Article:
Friday, May 29, 2020

There’s a Light Horse In There

We’ve had blistering hot feels-like-July weather all week.  I have been wanting to ride but the weather has kept us indoors, other than morning and evening chores.  This morning was slightly cooler, with clouds gathering slowly, so even though the thermometer said it was a bearable 84F, the humidity was high.  By the time I had Tex groomed (not thoroughly, even) and tacked up, sweat was running down my back and I felt a bit woozy.  We stood in the shade for a few minutes until the nausea passed and then headed for the freshly mown back pasture.  Because there are trees.  The dressage court is sand and direct sun so that was not going to work.

Besides, Tex and I like riding under the trees on the grass.

My goal was simple: get a light walk to trot transition.  That’s it.  Tex is a sensitive horse by nature but he’s a bit of a brute under saddle.  Clearly, he was never ridden with feel.  He has no concept of a half-halt and stopping him is like stopping a Mack truck.  Abs, seat, arms — and eventually a “did you say stop?”  Not that he’s running away, mind you.  This is at a walk.  It is part of the reason why I don’t work with him much at trot and canter yet.  If you ain’t got brakes, you ain’t got nothin’.  Similarly, getting him to move off or transition to trot requires a kick.  Ugh.

In ten minutes, we got a lot done.  The first transition went like this:
1. Lighten my seat: nothing
2. Light squeeze with my calves: nothing
3. Heels into his side lightly: nothing
4. Digging into his sides with my heels: off we go

Second try:
1. Lighten my seat: nothing
2. Half halt and light squeeze with my calves: ear flick
3. Heels in lightly: off we go

Third try:
1. Lighten my seat: ear flick
2. Half-halt and light squeeze: off we go
3. Lots and lots of praise from me and... suddenly we are cantering; a lovely balanced canter.  The FIRST balanced canter on this big red over-achiever.

And Brett, who was riding Luek, missed it.  So, I had to ride over and tell him all about it and then we called it a day.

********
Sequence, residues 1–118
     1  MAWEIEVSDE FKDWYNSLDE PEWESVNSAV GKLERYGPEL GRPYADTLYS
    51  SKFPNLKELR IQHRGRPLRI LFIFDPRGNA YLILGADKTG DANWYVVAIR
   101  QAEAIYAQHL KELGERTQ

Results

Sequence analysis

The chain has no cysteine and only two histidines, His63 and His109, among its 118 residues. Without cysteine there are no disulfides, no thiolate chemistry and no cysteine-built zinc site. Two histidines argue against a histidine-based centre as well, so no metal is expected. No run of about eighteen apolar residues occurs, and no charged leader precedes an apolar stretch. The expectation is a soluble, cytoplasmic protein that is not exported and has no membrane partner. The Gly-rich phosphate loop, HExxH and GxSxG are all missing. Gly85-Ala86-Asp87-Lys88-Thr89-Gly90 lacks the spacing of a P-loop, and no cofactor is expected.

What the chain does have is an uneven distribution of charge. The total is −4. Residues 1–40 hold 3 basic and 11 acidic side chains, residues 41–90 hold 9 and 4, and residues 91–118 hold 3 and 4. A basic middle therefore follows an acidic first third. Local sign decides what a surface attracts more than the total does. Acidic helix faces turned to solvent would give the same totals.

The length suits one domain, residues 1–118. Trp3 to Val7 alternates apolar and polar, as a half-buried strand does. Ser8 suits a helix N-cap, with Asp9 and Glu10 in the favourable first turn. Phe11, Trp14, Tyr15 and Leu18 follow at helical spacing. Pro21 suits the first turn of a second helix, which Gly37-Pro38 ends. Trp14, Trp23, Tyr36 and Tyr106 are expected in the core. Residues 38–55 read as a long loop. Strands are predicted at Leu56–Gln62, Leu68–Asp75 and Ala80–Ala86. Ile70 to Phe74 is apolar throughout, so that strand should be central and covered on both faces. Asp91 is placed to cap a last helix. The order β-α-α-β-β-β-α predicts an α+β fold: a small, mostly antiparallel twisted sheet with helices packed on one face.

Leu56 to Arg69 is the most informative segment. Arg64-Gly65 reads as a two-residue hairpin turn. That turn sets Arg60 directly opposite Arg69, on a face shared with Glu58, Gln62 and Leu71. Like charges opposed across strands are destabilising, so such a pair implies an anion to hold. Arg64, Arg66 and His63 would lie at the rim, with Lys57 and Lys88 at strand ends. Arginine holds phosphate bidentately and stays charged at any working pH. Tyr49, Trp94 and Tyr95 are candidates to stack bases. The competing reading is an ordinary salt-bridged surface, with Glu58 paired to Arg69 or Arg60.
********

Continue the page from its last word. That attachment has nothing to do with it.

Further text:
Sunday, May 24, 2020

Garden Thoughts

It’s almost impossible to keep track of the days anymore; they run together in a continuous thread of sameness.  I rarely leave the ranch — a weekly pick-up at a local farm for produce, a bi-weekly run to the grocery store for staples, maybe a monthly stop at the nursery or irrigation shop, and that’s it.
This rose bush was here when we moved in, and it really struggled.  I’ve been pruning out the old wood each year and it has become vigorous, prolific and fills the air with its wonderful fragrance.
When I was working, I put over 30,000 miles on my car each year.  Now, I’m lucky if I drive it once a month.  
Simplicity roses form a beautiful hedge along the front of the garden fence.
We have two baskets of masks in the mud room.  One for clean, and one for used.  We carry a bottle of Lysol and a rag with us in the car.  
I’m going to have a lot of cherries this year, if the birds don’t take them all.
I haven’t had a haircut since March 3rd.  Pretty soon, I’ll be able to put it in a pony tail.
My favorite iris.  No, I don’t remember the name of the variety.  
I have strange dreams at night; dreams of a garden with a patchwork of safe garden beds.  Gradually, over the course of the dream, the safe garden beds shrink and disappear and just the deadly ones are left.  
I like companion planting and interspersing flowers with vegetables. This is my tomato bed.  Or is it my poppy bed?  Having flowers scattered around means that there are lots of bees and butterflies  to pollinate everything.